For instance, if there is a large buy order for a China ETF in the middle of the UK trading day, the AP has to fill that orderimmediately. However, the AP can’t hedge the trade and actually acquire the underlying securities until the Chinese market opens later in the day.

With Chinese equity markets closed, the AP lacks a high-quality iNAV from which he can quote prices. Without the price discovery that a high-quality NAV offers, the AP takes on additional risk in quoting this price. To compensate for heightened risk, the AP will usually quote wider bid/ask spreads, which could cause the fund to trade at a meaningful premium or a discount when executed.

As a rule of thumb for ETFs, the greater the trading volume in an ETF, the greater the likelihood that a premium or discount accurately represents the market’s best estimate of the fair value of the ETF.

For thinly traded ETFs, be wary: Premiums and discounts can appear and vanish at random.

Fixed Income And Underlying Markets

Fixed income ETFs are especially susceptible to premiums and discounts, both spurious and real.

We’ve dedicated an entire article to this topic: See “Why do Bond ETFs Trade at Large Premiums and Discounts” for more information on this particular relationship.

 

Volatility

Periods of high market volatility can also lead to premiums and discounts. There are two main drivers for this:

  1. The calculation of iNAV: iNAV is calculated using the last available price of an underlying security with a 15-second lag. During times of high volatility, the ETF’s share price will likely move sharply in response, while iNAV may lag behind.
  2. Liquidity Provider Caution: Market makers and liquidity providers are less willing to quote tightly (with regards to bid/ask spreads) during times of high volatility. As a result, investors are more likely to experience wider spreads in trading as well as premiums or discounts in trading.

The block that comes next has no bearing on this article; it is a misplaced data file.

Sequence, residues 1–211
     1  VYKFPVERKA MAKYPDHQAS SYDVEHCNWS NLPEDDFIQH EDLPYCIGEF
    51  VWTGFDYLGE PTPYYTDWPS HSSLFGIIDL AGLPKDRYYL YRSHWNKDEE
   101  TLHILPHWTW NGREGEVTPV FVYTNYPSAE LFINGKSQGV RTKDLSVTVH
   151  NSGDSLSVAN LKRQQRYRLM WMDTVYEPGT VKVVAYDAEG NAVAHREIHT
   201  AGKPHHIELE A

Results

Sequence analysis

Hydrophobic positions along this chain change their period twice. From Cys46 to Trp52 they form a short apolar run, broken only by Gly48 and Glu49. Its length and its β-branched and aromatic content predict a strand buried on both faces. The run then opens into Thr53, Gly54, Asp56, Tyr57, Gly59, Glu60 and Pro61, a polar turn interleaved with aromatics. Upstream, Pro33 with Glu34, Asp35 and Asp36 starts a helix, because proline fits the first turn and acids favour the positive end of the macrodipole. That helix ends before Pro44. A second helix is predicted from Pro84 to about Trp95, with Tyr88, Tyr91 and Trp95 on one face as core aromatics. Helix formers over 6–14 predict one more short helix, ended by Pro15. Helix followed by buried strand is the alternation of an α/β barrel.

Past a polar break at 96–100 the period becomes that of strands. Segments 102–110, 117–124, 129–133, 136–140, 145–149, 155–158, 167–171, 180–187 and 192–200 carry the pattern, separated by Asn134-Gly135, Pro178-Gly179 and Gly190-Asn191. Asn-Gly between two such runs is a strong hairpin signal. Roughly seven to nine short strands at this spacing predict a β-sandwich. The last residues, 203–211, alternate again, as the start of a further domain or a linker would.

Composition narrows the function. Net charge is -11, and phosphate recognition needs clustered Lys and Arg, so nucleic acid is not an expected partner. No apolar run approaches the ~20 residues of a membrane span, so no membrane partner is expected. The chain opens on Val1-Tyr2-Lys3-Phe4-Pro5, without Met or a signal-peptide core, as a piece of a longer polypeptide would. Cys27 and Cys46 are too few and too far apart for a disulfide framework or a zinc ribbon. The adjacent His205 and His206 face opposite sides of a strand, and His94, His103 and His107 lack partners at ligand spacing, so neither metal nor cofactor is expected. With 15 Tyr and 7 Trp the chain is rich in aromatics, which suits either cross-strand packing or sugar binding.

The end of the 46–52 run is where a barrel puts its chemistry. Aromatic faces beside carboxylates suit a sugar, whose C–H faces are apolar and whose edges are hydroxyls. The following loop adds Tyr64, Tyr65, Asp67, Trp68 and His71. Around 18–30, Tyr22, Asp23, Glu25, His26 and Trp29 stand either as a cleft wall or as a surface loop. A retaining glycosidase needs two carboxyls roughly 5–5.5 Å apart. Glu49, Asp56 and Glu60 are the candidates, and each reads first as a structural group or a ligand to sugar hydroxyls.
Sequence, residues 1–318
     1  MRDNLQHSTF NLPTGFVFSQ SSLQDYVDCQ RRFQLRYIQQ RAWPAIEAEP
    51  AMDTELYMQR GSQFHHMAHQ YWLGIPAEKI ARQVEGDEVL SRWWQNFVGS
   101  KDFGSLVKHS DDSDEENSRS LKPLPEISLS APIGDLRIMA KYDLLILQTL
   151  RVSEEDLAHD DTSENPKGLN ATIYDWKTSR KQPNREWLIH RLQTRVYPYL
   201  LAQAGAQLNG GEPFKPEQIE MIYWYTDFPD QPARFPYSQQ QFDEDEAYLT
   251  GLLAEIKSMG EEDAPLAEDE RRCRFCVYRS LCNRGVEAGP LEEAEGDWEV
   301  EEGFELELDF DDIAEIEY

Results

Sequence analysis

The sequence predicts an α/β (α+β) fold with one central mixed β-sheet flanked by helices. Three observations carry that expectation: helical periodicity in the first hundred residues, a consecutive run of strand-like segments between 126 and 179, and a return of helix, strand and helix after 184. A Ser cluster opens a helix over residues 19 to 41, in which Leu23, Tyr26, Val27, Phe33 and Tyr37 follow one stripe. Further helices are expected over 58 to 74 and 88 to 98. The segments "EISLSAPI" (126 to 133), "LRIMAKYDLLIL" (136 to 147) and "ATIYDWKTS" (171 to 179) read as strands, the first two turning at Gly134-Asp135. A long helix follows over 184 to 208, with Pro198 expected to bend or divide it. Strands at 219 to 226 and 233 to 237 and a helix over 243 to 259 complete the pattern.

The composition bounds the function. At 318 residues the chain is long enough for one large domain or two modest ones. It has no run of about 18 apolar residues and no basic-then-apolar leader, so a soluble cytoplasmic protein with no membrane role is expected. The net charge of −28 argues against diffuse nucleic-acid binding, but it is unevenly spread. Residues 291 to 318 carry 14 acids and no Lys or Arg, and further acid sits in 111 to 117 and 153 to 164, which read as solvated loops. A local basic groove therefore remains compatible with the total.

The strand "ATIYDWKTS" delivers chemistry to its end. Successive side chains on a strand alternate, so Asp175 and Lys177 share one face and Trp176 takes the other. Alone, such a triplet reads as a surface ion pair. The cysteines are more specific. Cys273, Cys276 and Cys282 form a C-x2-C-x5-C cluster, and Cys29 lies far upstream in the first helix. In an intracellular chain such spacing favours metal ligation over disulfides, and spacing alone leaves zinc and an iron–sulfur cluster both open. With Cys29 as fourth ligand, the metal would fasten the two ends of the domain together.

Taxes

Local taxes in the underlying markets of an ETF’s basket may also contribute to sustained premiums and discounts. When creating shares of an ETF, APs may have to pay local taxes when purchasing the shares of underlying securities. As a result, APs pass on that tax burden in the form of premiums when quoting prices for an ETF to buy-side investors. Depending on the number of buyers versus sellers for a given ETF, the effect of local taxes on premiums can be enhanced or diminished.

Creation/Redemption Halts

At times, ETF issuers may issue halts on creations and redemptions in their funds. As a result, APs are unable to use the create/redeem arbitrage mechanism, leaving an ETF to operate as a closed-end fund with sustained premiums or discounts. Avoid trading an ETF during these periods.

In sum, premiums and discounts are nothing to fear, but it’s important to stay aware of the different dynamics that contribute to them. There are times when they might be justifiable, and periods when they are not.